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Mill Springs National Cemetery
Mill Springs National Cemetery

National Cemetery Entrance, Nancy, Kentucky
Sign at the entrance to Mill Springs National Cemetery, Nancy, Kentucky
One of the first twelve designated National Cemeteries, the Mill Springs National Cemetery began with the Union soldiers who died during and after the Battle of Mill Springs on January 19, 1862. It was originally designated as Logan's Crossroads Cemetery later in 1862, but because of the war it did not open until July 7, 1867. William and Nancy Logan donated the land for the cemetery to the federal government and their graves are included under a unique marble shaft.

The area was known as Logan's Crossroads because the Logan's were large landowners in the area, owning the site of both the Union encampment and the site of the battle. Nancy Logan became the first postmistress and the current name of the location, Nancy, Kentucky, is in her honor. Both Nancy and William Logan are buried within the cemetery, their graves marked by private monuments.

Bodies of Union solders who died during the battle were brought back to the Union camp buried. Many graves were marked (with wooden markers). Some, however, were buried in unmarked graves. When work began on the National Cemetery, the first order of business was to disinter the casualties of the battle and reinter them in the cemetery. While many of the men could be identified, those who did not have markers originally and those whose markers had succumbed to the elements were buried in unmarked graves with stone posts bearing numbers instead of the tradition name and rank. Others from nearby, smaller battles, were also brought to the cemetery.

In addition to Civil War casualties the cemetery contains the bodies of other men who served their country. including a prominent Medal of Honor awardee. He is Sergeant Brent Woods, a Buffalo Soldier who earned his medal during the Indian Wars in New Mexico in 1881. He was awarded the Medal of Honor in 1894. Woods was born in Pulaski County, Kentucky.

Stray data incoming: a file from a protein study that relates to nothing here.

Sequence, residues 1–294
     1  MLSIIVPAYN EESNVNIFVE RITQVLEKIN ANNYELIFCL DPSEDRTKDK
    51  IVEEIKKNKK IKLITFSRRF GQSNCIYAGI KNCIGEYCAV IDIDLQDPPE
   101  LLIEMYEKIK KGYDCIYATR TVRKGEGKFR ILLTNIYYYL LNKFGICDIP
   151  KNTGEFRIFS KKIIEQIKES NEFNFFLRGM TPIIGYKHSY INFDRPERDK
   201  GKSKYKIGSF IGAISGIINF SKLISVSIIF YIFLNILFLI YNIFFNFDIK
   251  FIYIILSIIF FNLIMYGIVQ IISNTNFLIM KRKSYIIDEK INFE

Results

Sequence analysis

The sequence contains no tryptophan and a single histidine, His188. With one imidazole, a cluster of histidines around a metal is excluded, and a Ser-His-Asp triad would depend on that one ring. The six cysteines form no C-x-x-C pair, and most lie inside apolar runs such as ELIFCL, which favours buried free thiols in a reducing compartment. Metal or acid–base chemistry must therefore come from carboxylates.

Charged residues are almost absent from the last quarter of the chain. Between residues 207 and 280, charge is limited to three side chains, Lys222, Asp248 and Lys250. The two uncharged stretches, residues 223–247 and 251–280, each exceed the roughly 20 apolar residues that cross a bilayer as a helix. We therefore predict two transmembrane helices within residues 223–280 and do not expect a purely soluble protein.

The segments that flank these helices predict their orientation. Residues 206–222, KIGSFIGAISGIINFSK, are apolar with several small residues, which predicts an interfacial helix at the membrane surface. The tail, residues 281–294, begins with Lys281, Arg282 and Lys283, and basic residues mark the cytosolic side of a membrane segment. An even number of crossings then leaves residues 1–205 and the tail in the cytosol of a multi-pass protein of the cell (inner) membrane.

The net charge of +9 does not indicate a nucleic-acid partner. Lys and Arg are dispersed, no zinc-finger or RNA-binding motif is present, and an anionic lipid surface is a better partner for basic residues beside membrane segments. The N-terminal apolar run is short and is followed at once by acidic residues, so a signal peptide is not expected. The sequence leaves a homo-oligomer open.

Location:8 miles west of Somerset, Kentucky
Directions:From Knoxville: Take I-75 North to Kentucky. Take Exit 41 (London/Somerset). At the bottom of the ramp turn left on Highway 80. Travel 30 miles to Somerset on Route 80/Russell S.Dyche Memorial Highway. About a mile after crossing U. S. 27, Highway 80 turns left when the Dyche Memorial Highway becomes the Louis B. Nunn Memorial Highway. Highway 80 then joins BR (Business Route) 80 and turns right. The Mill Springs National Cemetery is on the right.

From Lexington: Take I-75 South to Exit 62 (Renfro Valley). At the bottom of the ramp turn right on U. S. 25w (towards Mt. Vernon) and turn right on Kentucky Highway 461 for 30 miles. Turn left on Route 80/Russell S.Dyche Memorial Highway. About a mile after crossing U. S. 27, Highway 80 turns left when the Dyche Memorial Highway becomes the Louis B. Nunn Memorial Highway (Cumberland Pkwy.). Highway 80 then joins BR (Business Route) 80 and turns right. The Mill Springs National Cemetery is on the right in about 6 miles

Addtional Information:Mill Springs National Cemetery
Nancy, KY 42544
Phone: (859) 885-5727
FAX: (859) 887-4860

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